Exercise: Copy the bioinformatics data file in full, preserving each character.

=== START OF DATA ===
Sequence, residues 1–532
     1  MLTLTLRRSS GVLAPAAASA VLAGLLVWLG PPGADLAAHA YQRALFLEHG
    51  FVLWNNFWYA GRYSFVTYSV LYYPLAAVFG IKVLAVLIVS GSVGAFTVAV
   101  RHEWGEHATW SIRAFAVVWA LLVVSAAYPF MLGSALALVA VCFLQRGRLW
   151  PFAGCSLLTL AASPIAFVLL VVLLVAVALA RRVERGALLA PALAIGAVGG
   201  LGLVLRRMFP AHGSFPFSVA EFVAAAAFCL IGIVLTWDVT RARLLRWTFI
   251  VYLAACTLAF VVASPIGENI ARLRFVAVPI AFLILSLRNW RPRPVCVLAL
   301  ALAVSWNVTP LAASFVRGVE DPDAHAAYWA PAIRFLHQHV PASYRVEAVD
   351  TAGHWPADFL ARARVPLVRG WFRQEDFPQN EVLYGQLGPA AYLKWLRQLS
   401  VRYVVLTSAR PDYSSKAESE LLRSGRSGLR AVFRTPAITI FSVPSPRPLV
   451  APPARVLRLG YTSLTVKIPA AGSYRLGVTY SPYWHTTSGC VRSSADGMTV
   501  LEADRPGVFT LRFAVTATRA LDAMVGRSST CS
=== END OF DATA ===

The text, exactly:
Sequence, residues 1–532
     1  MLTLTLRRSS GVLAPAAASA VLAGLLVWLG PPGADLAAHA YQRALFLEHG
    51  FVLWNNFWYA GRYSFVTYSV LYYPLAAVFG IKVLAVLIVS GSVGAFTVAV
   101  RHEWGEHATW SIRAFAVVWA LLVVSAAYPF MLGSALALVA VCFLQRGRLW
   151  PFAGCSLLTL AASPIAFVLL VVLLVAVALA RRVERGALLA PALAIGAVGG
   201  LGLVLRRMFP AHGSFPFSVA EFVAAAAFCL IGIVLTWDVT RARLLRWTFI
   251  VYLAACTLAF VVASPIGENI ARLRFVAVPI AFLILSLRNW RPRPVCVLAL
   301  ALAVSWNVTP LAASFVRGVE DPDAHAAYWA PAIRFLHQHV PASYRVEAVD
   351  TAGHWPADFL ARARVPLVRG WFRQEDFPQN EVLYGQLGPA AYLKWLRQLS
   401  VRYVVLTSAR PDYSSKAESE LLRSGRSGLR AVFRTPAITI FSVPSPRPLV
   451  APPARVLRLG YTSLTVKIPA AGSYRLGVTY SPYWHTTSGC VRSSADGMTV
   501  LEADRPGVFT LRFAVTATRA LDAMVGRSST CS